Since my Christianity trumps my political affiliation, I'm hopeful that we will NOT see the day that the Bible is even "taught about" in school.

Let me explain.

I am the stepparent of a child who spent his elementary school years in England.

In England, there is a required unit of "religious education" in schools, one which gives students highlights and tenants of all of the world's major religions.

While on the surface, that may seem to be a great compromise, I have come to find that it is not so great.

Instead -- and this is according to his biological mom -- placing the Bible beside other religions' primary texts has served to promote a sort of "equality" of relgions to him. That is to say, now that he is in high school and has begun the spiritual "meaning-making" process that is characteristic of most all of us, it has become a rhetorical challenge to him -- "Isn't the Bible only as legitimate as the Koran?"

Now at a later age, perhaps he'll have the intellectual vigor and capacity to pursue those questions.

As a high school student who doesn't even know the answers to elementary questions like "When is cold water as appropriate as warm or hot water for the laundry?"... it only retards his initiative to grow spiritually.

That's my observation, fwiw.

Michael Reynolds said...

Republicans don't want the bible taught, they want their version of the bible taught. A bible with the divinely-decreed murder of helpless children glossed over or left out; a bible minus all the bizarre dietary obsessions nthey have no intention of adhering to; a bible that doesn't endorse slavery or preach the inherent uncleanness of women or demand the death penalty for the wrong kind of sex or for cursing one's parents.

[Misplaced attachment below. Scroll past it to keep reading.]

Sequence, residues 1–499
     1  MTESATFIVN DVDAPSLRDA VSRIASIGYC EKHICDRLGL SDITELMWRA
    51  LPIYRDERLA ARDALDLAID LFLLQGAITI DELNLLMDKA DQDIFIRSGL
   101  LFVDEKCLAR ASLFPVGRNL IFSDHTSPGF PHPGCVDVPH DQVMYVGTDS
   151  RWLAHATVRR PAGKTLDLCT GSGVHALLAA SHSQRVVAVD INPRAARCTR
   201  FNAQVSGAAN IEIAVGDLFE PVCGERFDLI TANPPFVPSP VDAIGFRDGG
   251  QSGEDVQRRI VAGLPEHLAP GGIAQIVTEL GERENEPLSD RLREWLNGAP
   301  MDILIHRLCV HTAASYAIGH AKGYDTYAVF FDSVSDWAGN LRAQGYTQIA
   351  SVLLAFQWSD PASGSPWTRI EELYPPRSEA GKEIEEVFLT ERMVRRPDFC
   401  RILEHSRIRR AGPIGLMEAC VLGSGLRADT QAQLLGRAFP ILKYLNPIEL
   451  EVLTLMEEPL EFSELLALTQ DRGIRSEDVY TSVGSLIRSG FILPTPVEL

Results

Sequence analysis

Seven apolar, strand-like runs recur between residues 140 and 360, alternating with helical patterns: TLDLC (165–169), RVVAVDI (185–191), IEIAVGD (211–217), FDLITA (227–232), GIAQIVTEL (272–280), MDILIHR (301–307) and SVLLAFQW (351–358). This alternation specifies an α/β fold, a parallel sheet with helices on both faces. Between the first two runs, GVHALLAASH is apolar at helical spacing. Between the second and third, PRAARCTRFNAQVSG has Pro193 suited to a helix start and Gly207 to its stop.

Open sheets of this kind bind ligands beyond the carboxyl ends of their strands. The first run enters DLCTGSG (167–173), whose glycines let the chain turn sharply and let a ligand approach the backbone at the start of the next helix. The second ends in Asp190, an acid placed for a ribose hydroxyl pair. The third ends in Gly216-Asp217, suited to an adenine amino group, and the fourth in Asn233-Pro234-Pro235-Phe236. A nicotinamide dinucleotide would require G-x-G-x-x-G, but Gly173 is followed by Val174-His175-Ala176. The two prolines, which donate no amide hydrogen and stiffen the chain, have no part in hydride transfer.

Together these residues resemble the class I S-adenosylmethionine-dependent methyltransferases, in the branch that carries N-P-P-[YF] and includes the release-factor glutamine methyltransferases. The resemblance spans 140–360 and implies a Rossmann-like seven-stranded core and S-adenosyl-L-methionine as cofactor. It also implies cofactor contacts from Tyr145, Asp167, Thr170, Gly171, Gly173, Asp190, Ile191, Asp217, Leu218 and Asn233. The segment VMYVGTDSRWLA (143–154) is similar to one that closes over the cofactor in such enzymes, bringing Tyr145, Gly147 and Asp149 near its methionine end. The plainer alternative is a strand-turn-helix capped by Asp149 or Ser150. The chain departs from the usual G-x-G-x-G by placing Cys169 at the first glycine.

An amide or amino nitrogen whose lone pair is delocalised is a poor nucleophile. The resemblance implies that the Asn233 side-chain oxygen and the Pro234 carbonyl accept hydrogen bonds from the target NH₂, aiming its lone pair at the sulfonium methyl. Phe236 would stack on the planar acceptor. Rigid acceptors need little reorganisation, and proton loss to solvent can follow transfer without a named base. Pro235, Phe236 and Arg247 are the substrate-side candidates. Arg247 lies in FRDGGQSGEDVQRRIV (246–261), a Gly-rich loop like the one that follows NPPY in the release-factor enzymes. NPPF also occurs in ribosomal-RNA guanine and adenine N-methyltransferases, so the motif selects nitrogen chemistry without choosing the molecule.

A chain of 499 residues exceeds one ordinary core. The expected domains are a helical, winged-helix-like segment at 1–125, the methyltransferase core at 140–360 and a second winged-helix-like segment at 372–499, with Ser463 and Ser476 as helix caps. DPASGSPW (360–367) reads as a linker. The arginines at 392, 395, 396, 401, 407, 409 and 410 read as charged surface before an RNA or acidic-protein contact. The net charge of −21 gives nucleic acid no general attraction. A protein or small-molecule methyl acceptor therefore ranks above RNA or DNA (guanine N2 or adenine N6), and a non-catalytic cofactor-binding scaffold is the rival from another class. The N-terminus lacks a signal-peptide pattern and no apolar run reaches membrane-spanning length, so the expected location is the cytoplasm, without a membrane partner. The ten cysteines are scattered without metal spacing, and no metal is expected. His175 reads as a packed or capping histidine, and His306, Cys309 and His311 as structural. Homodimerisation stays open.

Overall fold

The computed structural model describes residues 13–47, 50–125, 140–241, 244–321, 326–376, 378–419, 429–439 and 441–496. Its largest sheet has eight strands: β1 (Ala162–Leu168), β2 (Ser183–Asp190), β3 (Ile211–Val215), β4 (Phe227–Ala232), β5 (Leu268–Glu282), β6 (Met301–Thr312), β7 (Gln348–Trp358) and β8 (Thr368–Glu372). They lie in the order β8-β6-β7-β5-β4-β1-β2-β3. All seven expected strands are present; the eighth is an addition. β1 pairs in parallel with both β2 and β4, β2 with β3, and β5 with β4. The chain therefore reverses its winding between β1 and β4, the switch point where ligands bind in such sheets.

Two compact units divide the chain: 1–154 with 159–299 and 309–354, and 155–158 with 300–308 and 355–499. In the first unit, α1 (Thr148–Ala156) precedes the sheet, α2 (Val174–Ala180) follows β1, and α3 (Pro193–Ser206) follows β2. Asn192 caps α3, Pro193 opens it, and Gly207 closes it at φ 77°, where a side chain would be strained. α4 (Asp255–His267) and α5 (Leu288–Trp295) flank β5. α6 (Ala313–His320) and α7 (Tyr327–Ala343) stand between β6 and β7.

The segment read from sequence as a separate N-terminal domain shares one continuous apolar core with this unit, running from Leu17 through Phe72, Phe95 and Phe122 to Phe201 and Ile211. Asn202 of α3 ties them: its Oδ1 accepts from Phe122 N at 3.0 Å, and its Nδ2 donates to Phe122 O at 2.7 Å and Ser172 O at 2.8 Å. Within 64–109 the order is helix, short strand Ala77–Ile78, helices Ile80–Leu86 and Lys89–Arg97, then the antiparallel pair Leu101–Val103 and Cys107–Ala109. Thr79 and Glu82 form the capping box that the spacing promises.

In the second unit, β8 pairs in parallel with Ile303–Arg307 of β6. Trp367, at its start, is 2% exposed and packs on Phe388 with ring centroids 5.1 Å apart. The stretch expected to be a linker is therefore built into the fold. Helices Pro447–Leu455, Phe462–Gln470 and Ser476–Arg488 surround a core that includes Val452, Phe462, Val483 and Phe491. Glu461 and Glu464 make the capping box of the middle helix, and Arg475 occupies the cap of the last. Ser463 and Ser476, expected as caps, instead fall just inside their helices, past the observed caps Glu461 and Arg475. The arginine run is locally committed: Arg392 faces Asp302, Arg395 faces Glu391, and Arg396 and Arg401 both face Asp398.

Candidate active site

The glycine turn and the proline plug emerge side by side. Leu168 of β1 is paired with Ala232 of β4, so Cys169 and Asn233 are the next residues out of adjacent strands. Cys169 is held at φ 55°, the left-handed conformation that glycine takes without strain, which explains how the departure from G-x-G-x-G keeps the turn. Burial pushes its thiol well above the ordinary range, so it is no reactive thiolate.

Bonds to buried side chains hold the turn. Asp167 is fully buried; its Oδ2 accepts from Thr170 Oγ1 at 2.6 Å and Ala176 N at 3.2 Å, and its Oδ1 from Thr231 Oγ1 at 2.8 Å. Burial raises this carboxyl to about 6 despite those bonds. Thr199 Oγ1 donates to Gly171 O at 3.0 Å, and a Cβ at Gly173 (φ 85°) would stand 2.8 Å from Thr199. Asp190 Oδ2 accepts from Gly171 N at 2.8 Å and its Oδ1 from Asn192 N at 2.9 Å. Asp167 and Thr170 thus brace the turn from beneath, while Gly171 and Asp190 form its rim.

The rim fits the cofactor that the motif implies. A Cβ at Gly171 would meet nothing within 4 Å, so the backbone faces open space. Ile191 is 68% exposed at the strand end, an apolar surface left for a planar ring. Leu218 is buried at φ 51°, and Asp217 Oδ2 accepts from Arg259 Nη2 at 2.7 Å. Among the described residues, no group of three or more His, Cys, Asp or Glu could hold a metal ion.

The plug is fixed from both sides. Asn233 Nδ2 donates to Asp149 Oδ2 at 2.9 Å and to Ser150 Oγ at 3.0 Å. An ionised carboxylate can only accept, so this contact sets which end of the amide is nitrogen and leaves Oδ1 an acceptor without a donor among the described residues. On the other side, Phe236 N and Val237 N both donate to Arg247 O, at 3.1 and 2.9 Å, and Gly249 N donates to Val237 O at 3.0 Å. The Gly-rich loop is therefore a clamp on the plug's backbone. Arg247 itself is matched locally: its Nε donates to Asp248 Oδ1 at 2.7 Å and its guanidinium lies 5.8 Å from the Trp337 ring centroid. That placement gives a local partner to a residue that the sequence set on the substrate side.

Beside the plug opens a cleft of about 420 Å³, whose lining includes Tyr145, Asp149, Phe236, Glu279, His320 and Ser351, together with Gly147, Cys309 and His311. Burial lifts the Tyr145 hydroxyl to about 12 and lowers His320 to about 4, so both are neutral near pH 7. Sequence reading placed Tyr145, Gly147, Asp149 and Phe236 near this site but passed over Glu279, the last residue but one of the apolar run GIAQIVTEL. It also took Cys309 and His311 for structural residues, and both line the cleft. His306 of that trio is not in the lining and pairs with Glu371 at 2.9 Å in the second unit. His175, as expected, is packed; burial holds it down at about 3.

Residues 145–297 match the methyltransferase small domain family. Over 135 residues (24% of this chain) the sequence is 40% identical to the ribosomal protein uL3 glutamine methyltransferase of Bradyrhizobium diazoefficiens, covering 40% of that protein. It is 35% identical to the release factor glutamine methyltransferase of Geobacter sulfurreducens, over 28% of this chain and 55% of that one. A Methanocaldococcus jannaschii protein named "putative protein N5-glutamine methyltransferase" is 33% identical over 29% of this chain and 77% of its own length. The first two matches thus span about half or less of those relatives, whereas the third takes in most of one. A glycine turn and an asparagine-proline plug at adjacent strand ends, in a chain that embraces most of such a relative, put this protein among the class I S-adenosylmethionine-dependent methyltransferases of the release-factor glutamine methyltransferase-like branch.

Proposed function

They want a bowdlerized bible. Put together a curriculum that addresses the bible objectively and I'm willing to bet 90% of advocates (yourself excepted) would switch sides.

Gruntled said...

To Gruntling in Lex: The Bible and Its Influence is not a comparative religion course, but, on the contrary, is meant to show the unique historical importance of the Bible. I agree, though, that political pressures are likely to try to make it into the kind of relativistic exercise you rightly fear.

To Michael: I believe in the large middle. I take the sponsors of the legislation, and the producers of the book and curriculum, at their word when they say that they want to promote cultural literacy about the indispensible book. Yes, some other people, primarily Republican, have been trying to teach (their version of) the Bible as true, but they have been stymied by the courts, and get nothing more than lip service from the president and their party leaders.

Anonymous said...